It was many long hours before Marshall returned to the cave.  Back in the dismal confines of the hidden cavern, his sleeping form lay on the mats at the rear of the cave.  The man’s powerful body was pale and coursed with newly formed vessels.  Lines creased his naked brow and tears wet his face – even in sleep the voices could be heard, and their anguish felt.  Standing over the sleeping form was an aging man with long grey hair tied back in a single braid.  There were tears in his dark eyes as he watched the younger man start in his sleep and utter two short words. 
“Silka!  Querida!” he cried desperately.
Turning, the older man walked quietly to a large container against the opposite wall of the cave.  Lifting the lid slowly, he peered inside – two green eyes stared back at him darkly from the snarling face of the Black Cat.  The man paused in thought, wondering if he might have the strength now that his leg was healed – but no, il B’olom had chosen and he must trust in the spirits.  The warriors’ dance is long, but the night is not without end.  His own task was trial enough – slowly, he let the lid close and returned to watch over the sleeping man.
If you had to do it all over again, would you change anything in your latest book?
I’m sure if I had it to do over again I would make a few changes, but when is an artist ever really satisfied with his work. There are always little things you want to add to clarify the plot line, or to murk it up a bit and ad suspense, but all in all I think I am quite pleased with it. Mostly. 99% anyway. /;{>
What are your current projects?
My current projects include The Black Cat, The Black Cat Book II, Silent Victory, and an as yet untitled work of historical fiction about a family in papal service that disappears to remote North Eastern Germany, after changing their religious affiliations and their name (based on what little has come to light of family origins).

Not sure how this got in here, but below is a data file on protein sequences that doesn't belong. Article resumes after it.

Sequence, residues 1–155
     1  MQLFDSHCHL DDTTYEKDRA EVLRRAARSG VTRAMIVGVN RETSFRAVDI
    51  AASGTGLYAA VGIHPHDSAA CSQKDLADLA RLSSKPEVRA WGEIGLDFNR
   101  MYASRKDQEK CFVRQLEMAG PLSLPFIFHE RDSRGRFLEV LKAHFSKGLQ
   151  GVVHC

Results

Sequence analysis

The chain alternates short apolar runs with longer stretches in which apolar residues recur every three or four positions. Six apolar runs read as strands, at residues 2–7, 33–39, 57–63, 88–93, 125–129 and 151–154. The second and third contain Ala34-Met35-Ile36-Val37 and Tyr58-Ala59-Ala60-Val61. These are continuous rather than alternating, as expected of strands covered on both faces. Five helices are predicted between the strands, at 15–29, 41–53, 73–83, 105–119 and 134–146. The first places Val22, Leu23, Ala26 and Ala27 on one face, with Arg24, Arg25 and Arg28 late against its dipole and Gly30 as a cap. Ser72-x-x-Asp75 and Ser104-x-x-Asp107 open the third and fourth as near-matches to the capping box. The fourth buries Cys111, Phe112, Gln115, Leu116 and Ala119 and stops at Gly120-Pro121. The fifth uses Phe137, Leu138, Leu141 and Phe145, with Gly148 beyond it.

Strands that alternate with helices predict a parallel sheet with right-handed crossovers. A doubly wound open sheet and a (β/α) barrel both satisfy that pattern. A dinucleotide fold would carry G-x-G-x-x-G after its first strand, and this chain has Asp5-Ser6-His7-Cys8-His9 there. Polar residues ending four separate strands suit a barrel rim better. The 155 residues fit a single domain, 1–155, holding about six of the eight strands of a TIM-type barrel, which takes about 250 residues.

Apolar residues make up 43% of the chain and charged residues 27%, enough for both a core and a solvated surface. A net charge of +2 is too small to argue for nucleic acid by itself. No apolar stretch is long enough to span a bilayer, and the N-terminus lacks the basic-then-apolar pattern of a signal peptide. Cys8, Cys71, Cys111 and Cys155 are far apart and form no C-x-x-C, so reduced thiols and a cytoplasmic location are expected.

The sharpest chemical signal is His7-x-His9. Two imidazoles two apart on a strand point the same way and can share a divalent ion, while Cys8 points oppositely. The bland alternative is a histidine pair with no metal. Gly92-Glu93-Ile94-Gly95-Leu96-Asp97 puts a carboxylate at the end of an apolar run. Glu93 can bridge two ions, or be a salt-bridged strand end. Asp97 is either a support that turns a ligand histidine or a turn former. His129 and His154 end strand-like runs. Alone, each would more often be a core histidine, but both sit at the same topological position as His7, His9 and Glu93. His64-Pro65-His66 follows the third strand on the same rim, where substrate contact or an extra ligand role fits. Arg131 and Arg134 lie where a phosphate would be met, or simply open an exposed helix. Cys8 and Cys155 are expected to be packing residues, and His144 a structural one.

Do you have any advice for other writers?
If it’s in your head and crying to be let out then let it out, it wouldn’t be there without a reason. The same goes for those who are struggling to finalize their works, the time always comes when you have to put down the pen, pick up the phone and get your work into the hands of your readers – trust me, they will thank you for it.
Do you have anything specific that you want to say to your readers?
First, last and always - Thank you! I would probably still write if no one bought my books, but it sure means a lot to me that people really enjoy them. I hope that my writing serves to educate and inspire, to provoke thought and lead to those actions that can change lives in a good way, not simply to entertain or take up time on a slow day. To my dedicated readers I will say, look out, more is coming soon! And once again, thank you.

Author Joshua Merrick –
I have always been one who loved the arts and creative mediums: painting, leathercrafting, pen and ink drawing, sculpture, poetry, acting, comedy and now beginning my foray as an author with my first novel, Wrong Way Street. Over the years I have put my hand to a variety of career fields,  everything from cowboying to wildlife conservation, construction to private protection, teaching, translating, and many other completely unrelated disciplines (often just for the fun of it but sometimes because even a starving author has to eat occasionally). My college years were much like my work history, an enigmatic experience during which time I found myself drawn to completely unrelated disciplines: science, computer programming, engineering, foreign languages, linguistics, history, theatre, acting, rodeo, wilderness survival, fitness/health... you get the idea. I'd like to think my unique and rich life experience lends itself to my writing.